I currently work for Riverside Research on their geospatial intelligence programs. I recently graduated from the University of Rochester with a Computer Science B.S., Applied Mathematics B.S., and Physics B.A., and Engineering Science B.A.. I find theoretical work in mathematics and computer science fascinating. In my personal time I read on results in complexity theory, logic, number theory, and information theory such as the Completeness and Incompleteness Theorems of First and Second Order Logic, the Source Coding Theorem, Cook's Theorem, and the Prime Number Theorem.
While some of the theoretical results mentioned above are absolutely fascinating, I am also motivated by improving the lives of other as effectively as I can. I consider myself part of the effective altruist movement, dedicated to improving the lives of others as effectively as I can. I annually contribute 10% of my income to Givewell, an organization dedicated to improving the wellbeing of humankind through funding the most efficient charities.
I currently work for Riverside Research on their satellite planning tool the Collection Planning Suite (CPS). I am continuing work done as an intern at Riverside and also working on other aspects of development in Riverside's geospatial intelligence programs.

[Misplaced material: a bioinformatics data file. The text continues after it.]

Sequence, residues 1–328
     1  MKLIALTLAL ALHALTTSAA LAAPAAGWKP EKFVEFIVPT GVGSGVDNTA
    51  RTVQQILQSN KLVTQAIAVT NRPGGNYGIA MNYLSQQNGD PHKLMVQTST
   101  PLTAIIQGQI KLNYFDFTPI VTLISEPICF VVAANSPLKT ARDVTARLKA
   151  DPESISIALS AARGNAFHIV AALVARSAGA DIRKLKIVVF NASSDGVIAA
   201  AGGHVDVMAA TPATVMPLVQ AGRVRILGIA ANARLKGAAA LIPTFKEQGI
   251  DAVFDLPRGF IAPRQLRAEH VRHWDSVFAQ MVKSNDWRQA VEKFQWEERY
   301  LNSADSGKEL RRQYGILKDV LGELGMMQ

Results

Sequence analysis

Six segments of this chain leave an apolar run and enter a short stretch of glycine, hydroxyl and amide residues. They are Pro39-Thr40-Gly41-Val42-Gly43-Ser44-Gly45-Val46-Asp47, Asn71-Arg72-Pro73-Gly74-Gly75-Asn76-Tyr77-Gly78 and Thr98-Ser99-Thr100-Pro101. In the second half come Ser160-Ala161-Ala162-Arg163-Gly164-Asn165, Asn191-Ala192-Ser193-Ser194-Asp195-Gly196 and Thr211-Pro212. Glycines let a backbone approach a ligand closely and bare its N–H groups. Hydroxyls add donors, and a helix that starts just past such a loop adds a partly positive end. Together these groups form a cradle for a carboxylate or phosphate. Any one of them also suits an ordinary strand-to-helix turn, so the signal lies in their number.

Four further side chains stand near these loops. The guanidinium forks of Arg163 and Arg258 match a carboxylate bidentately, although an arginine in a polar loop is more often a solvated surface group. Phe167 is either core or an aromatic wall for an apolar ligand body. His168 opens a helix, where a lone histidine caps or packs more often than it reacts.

From May 2020-Sep 2021 I worked part with Riverside Research as a Machine Learning Intern in the Modeling & Application Development group. My work has focused on using mixed integer programming (MIP) and ML tools to improve Riverside's satellite scheduling system called the Collection Planning Suite.
In Summer 2020 I delved into the world of state of the art reinforcement learning. For anyone else interested in this area I highly reccomend YouTube courses by Sergey Levine and David Silver.
I ended up focusing my research on reinforcement learning in multiplayer competitve environments. I developed a couple novel algorithms based off of ideas in meta learning and game theory. Read more about this research here!
I received a DAAD scholarship to do computer science research at the Technical University of Hamburg in Summer 2019. My research focused on the ‘informative path planning’ problem. The goal of the research was to develop and compare sampling based path planning algorithms for 2D field exploration (e.g. temperature field or topography map). The fields were modelled using Gaussian Processes and Gaussian Markov Random Fields and then various sampling algorithms were implemented (in Python) to efficiently plan informative exploratory paths.
Lab teaching assistant for Intro to Computer Science course in Java (CSC 171), teaching fundamentals of CS and helping on programming projects.
Teaching assistant for advanced Computer science course, Design & Analysis of Efficient Algorithms (CSC 282), leading problem sessions.
Teaching assistant for Chemical Principles for Engineers course (CHM 137) and Electricity and Magnetism (PHY 122), leading weekly recitations and workshops.